How the Detroit Shock in 2006 Overcame Sacramento and a Mariah Carey Concert to Win the First Game 5 in WNBA Finals History – The Athletic

In 2005, the WNBA switched from a best-of-three format in the final to a best-of-five.

The Sacramento Monarchs were the defending champions, beating the Connecticut Sun 3-1 in the previous finals, trying to become just the third franchise in league history to win back-to-back WNBA titles. Shock was back in the WNBA Finals for the first time since 2003 when they hoisted their first championship in franchise history.

Before Game 5, each game had been settled with 10 points or more. Sacramento won Game 1 by 24 points, Game 3 by 20. Detroit won Game 2 by 10 and Game 4 by 20.

Katie Smith (Shock guard, 2005-09): The scores were out of reach. It was like, “OK, they got this one. They’ve got it. “Of course, stealing someone on the road was crucial for us.

Ruth Riley (Shock forward / center, 2003-06): What (blowouts) did, in an unusual way, gave both teams confidence to enter Game 5.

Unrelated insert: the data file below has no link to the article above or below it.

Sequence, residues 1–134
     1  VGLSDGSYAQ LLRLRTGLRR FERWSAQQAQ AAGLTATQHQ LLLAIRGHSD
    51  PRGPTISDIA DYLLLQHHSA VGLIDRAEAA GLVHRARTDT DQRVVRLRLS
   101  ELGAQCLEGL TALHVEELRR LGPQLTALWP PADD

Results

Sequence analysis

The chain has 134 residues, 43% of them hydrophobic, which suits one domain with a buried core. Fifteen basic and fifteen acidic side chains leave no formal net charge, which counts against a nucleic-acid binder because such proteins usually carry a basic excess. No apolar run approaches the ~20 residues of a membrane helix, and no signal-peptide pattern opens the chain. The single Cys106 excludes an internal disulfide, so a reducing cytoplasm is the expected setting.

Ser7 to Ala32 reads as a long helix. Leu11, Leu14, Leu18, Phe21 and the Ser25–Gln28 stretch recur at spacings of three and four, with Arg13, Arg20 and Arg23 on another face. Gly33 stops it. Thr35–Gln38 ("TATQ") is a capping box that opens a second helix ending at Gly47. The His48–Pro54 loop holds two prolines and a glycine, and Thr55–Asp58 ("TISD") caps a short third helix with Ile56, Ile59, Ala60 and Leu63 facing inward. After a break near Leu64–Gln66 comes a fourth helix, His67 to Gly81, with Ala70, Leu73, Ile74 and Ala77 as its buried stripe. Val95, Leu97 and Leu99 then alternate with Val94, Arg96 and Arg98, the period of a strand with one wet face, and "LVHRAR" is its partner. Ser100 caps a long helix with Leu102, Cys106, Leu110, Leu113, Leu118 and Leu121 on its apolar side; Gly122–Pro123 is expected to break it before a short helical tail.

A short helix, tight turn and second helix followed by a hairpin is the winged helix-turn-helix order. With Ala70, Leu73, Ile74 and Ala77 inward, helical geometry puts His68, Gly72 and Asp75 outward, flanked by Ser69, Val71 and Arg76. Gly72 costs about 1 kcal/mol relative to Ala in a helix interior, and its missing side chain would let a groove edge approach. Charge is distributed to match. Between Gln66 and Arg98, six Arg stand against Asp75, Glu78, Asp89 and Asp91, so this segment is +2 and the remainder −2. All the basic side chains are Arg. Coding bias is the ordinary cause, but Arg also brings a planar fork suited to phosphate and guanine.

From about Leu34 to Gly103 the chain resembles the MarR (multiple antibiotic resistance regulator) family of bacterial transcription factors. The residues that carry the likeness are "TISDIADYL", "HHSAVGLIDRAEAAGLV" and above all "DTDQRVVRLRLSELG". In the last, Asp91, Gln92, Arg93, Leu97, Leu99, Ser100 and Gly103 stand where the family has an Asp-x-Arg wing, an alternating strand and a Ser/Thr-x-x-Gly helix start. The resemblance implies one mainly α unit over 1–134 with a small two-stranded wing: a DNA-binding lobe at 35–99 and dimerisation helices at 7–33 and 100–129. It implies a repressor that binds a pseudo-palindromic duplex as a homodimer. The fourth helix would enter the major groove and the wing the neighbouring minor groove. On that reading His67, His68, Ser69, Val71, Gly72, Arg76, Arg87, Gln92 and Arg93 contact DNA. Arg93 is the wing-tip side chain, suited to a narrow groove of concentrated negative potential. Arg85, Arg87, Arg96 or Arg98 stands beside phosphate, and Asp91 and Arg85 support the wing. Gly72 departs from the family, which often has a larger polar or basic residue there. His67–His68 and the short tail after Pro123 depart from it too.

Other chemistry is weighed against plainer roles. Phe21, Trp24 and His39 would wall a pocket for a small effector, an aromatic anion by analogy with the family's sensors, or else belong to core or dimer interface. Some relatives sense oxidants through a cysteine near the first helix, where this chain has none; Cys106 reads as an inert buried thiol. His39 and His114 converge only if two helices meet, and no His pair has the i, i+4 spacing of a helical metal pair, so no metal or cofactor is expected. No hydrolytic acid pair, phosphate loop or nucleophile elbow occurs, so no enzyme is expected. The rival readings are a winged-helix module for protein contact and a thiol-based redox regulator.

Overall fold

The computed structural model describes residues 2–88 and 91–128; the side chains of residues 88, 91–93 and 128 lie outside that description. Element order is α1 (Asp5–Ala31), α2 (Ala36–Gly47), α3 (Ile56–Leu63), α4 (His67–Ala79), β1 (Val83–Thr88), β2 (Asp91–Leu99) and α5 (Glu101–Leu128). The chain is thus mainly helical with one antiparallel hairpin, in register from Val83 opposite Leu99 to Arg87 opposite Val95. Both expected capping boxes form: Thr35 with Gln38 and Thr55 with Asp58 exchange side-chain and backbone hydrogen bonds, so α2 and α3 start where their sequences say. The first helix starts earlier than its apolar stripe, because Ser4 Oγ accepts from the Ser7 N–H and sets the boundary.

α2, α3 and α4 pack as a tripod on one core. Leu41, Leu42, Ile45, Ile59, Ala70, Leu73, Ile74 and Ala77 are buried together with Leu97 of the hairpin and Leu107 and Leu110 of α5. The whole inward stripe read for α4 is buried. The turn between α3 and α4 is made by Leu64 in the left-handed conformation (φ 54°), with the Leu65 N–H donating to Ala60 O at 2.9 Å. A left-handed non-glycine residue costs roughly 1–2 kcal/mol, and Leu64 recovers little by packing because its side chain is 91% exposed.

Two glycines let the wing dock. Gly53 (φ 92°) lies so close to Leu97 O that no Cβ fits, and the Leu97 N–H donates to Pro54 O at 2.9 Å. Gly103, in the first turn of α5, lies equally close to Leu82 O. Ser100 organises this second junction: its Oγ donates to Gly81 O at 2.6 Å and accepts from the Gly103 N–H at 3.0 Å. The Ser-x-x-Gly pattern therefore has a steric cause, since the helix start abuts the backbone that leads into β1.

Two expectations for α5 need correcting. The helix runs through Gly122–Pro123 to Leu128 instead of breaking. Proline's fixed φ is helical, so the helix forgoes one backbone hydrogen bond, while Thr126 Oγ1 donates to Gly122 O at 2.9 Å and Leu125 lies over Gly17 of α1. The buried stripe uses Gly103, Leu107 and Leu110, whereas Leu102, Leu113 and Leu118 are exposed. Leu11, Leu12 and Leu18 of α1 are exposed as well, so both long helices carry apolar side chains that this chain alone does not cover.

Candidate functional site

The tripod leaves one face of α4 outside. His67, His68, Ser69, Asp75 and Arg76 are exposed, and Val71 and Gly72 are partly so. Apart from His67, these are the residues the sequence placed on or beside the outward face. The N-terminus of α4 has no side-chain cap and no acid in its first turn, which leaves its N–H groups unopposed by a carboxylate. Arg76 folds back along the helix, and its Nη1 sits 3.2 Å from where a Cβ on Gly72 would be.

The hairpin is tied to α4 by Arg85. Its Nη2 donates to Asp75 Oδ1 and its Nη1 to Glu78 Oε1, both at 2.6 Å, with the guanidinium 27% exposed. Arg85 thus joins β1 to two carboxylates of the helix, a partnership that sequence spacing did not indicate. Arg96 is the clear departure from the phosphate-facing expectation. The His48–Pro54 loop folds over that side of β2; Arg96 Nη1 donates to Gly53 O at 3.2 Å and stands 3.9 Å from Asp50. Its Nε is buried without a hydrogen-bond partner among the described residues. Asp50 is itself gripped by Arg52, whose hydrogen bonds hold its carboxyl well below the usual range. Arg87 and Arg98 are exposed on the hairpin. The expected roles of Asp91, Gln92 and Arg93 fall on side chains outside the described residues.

Plenette Pierson (Shock forward / center, 2005-09): I do not think we worried much or thought much about the difference in scoring. We knew that if we got it back to Detroit, it was pretty much over. We were confident of our city; Detroit comes out to support us. We just had to cope with the weather as the storm went in. The energy had to be there for us.

Deanna Nolan (Shock guard, 2001-09): I do not know if it was home advantage at the time or just needed to be focused. We are in the final. There were a lot of defensive breakdowns that we don’t usually do that added in some of those blowouts.

Swin Cash (Shock forward, 2002-07): Although the matches up to Game 5 were won significantly, it never felt like it was that far away because we respected the team and knew they had the ability to win matches.

Like the Pistons, the shock also played at The Palace of Auburn Hills.

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